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Three Times a Week

In her “Three Times a Week” series, Israeli photographer Ofir Berman takes an introspective look at a closed society seeking to maintain a leisure culture within the public space.

Three times a week, during the hottest summer months of July and August, the separate (gender-segregated) beaches in Israel open their doors to the community of Jewish ultra-Orthodox women. Sundays, Tuesdays and Thursdays become colorful and enjoyable female gatherings, where men are prohibited and women and their children can bathe in accordance with their religious beliefs and strict rules of modesty. These beaches are partitioned on three sides by either sheets of white cloth or permanent fencing. Beaches where a group of rabbis come every year to determine they are indeed kosher and modest.

The separation, and the clear boundaries between the sexes in ultra-Orthodox society, bring into question the woman’s place as a separate gender, and awareness of female needs in the field of leisure. Today, as there is more awareness of the issue, ultra-Orthodox women also feel the need to leave the house and enrich themselves emotionally and experientially, without male supervision or external interference. This recreation at sea, on the separated beach, is an example of moments when women empower themselves and appreciate their own space.

© Ofir Berman
© Ofir Berman

The series also reveals the transformation that the beach goes through during the year – from a mixed open beach to a beach fenced off by rules. This contrast raises issues of cultural relativism and questions about the idea of freedom. Sendi, a native of Ariel and mother of 7 declares: “I choose not to visit mixed beaches, but I’m okay with secular women being at separate beaches. However, I am bothered when they wear immodest clothes at the springs in Israel. There have been times when my family and I went to the springs, only to find girls in revealing clothing. This has led us to turn back as it’s disappointing that they don’t opt for more considerate attire like shorts and tank tops. It’s hard to fully enjoy the nature we believe is a gift when these situations arise, especially considering there’s no gender segregation at the springs.

When I visit the beach, I make a point of wearing a modest bathing suit with tights and a skirt overlay, coupled with a shirt that provides adequate coverage. Ensuring that my attire covers my elbows and adheres to my values is essential to me. Our family follows a practice of segregation during beach visits, with my husband accompanying our sons and me taking charge of the girls. Although not without its challenges, this arrangement works for us. Interestingly, my husband, who grew up in Herzliya near the coast, refrains from visiting the beach due to the prevailing lack of modesty. As a workaround, we often plan our beach trips towards the tail end of summer when the crowds have diminished significantly.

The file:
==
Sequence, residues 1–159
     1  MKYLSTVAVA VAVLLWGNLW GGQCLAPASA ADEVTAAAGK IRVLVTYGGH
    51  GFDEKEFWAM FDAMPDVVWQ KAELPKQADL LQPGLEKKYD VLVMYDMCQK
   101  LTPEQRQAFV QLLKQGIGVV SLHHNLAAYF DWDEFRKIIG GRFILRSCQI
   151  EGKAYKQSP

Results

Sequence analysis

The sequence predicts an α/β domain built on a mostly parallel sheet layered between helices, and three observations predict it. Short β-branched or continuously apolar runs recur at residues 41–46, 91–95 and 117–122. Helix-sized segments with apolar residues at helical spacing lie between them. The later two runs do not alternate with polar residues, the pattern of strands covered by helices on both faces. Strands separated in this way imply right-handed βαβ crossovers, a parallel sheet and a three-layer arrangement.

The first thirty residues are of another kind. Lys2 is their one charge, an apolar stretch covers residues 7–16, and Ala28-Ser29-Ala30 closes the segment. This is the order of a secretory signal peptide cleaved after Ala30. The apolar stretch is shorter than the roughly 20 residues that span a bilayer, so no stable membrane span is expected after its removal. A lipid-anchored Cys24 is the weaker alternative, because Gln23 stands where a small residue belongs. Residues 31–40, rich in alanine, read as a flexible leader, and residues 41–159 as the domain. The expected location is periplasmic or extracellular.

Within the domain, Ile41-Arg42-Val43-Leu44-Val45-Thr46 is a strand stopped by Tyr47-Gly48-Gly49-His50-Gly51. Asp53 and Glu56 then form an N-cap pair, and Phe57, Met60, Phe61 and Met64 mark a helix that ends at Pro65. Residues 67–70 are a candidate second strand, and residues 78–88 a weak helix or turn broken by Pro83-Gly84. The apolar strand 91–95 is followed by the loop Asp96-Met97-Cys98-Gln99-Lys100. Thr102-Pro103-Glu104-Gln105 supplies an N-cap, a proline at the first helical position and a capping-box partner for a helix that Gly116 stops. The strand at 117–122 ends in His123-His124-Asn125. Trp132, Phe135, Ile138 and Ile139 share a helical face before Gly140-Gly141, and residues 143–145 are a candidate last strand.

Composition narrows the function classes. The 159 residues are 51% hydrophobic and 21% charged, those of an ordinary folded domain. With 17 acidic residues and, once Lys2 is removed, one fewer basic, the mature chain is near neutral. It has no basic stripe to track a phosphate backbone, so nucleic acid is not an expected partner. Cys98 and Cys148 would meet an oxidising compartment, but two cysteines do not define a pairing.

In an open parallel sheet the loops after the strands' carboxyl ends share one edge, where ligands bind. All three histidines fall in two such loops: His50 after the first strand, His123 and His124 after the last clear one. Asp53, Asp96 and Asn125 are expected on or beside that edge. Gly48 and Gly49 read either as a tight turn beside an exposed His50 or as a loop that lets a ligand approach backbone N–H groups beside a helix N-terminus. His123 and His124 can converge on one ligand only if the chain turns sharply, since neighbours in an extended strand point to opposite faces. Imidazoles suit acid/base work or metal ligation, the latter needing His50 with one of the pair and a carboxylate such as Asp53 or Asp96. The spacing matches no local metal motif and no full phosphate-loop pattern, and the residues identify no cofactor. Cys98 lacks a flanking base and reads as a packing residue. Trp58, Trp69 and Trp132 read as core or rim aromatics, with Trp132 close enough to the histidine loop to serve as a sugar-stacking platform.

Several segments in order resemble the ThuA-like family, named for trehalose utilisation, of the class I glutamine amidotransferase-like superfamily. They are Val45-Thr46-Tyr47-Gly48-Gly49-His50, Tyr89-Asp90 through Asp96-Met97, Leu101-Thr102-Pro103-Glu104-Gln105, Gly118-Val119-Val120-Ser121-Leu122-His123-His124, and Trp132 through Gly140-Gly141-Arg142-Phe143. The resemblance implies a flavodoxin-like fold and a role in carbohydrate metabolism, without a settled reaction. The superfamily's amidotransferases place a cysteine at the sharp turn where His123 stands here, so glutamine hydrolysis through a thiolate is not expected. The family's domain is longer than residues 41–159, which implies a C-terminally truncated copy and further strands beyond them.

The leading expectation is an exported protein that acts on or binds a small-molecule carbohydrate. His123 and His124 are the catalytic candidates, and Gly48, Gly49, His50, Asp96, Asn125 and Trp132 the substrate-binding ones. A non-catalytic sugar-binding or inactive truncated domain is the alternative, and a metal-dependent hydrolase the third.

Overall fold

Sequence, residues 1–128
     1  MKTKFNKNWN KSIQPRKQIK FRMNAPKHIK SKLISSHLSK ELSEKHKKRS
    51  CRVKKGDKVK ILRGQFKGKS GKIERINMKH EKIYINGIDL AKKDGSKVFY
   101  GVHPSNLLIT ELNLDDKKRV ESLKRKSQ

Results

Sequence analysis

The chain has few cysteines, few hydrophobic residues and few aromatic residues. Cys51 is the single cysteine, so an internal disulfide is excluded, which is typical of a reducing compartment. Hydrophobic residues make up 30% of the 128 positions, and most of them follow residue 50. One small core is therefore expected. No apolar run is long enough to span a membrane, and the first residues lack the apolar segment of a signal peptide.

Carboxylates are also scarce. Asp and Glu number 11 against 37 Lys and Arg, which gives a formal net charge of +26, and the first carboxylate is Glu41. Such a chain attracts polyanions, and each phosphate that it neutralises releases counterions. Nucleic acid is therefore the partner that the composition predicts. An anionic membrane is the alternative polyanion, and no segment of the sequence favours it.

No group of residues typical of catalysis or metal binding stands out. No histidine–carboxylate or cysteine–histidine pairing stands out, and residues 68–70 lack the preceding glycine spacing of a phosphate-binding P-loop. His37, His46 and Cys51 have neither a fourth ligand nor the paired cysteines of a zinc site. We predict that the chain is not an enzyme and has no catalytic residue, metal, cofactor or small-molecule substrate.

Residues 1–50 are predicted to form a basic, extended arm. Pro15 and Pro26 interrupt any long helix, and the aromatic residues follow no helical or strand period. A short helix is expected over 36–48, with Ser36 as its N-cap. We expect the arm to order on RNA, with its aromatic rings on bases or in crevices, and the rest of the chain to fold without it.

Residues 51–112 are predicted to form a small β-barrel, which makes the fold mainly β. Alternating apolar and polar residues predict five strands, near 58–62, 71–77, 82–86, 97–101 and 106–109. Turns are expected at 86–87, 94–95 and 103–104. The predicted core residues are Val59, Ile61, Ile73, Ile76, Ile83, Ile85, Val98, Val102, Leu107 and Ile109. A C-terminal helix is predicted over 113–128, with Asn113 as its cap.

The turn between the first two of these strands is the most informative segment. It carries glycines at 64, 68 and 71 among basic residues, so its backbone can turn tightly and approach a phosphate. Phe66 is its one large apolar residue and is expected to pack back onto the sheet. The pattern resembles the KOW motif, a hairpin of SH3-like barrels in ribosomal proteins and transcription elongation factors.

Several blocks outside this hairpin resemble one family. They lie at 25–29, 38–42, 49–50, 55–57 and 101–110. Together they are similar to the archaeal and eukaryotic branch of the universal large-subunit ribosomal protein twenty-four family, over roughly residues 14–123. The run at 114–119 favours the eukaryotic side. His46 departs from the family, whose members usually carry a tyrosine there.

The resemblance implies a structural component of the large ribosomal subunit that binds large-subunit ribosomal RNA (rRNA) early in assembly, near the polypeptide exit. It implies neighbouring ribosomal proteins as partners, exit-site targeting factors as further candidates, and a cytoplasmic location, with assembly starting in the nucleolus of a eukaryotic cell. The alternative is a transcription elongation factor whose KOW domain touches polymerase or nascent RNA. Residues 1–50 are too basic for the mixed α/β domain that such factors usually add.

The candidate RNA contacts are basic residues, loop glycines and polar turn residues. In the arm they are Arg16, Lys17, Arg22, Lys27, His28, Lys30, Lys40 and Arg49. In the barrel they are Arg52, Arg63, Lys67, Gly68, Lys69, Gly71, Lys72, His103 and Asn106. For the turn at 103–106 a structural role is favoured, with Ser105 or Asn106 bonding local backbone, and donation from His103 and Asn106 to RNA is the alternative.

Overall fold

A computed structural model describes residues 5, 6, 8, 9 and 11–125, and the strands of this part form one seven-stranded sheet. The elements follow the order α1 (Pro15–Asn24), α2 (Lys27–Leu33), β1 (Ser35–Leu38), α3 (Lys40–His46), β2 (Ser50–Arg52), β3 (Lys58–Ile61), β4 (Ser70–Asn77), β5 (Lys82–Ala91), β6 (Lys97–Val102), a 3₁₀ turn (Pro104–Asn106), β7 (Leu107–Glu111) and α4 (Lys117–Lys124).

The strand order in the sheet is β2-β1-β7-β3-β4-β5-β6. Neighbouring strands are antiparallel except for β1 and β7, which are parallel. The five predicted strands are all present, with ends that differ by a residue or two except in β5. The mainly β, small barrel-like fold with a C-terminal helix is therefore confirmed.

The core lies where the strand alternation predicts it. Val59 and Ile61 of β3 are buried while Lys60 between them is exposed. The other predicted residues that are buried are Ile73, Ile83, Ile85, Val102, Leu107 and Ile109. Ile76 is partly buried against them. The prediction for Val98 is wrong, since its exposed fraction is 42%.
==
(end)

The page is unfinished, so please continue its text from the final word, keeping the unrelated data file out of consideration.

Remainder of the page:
As for our beach essentials, I always pack a folding chair, a hat for protection from the sun, and most importantly, a juicy watermelon to relish during our outing״.

© Ofir Berman
© Ofir Berman

Riki, mother of 4, from Jerusalem also expresses her opinion on what should and should not be practiced in public spaces: ״I love the beach for its soothing waves and calm atmosphere, a break from the city rush. But what truly matters to me are the people, especially the girls. My husband feels the same and enjoys men’s days there. Getting ready means picking a comfy, long dress. I do feel a bit uncomfortable when secular women come to our segregated beach in bikinis but I acknowledge their right to do so. Personal choices should be respected. 

Notably, some women choose to engage in prayer while in the sea. However, I hold the belief that the sea isn’t a suitable place for such devotion. I advocate for prayer to be conducted at home before venturing out, as it demonstrates reverence and avoids potential distractions. Public spaces like buses or bus stops also witness such acts of prayer, which I find to be unsettling, as it tends to draw negative attention and lacks the necessary focus and intention.

The annual assessment by certain rabbis regarding the beach’s appropriateness is an interesting factor to consider. However, my focus lies less on their opinions and more on enjoying the beach responsibly, regardless of their viewpoints. After all, public opinions can shift quickly.״

© Ofir Berman

For more information on Ofir Berman’s work ,visit her website or Instagram.

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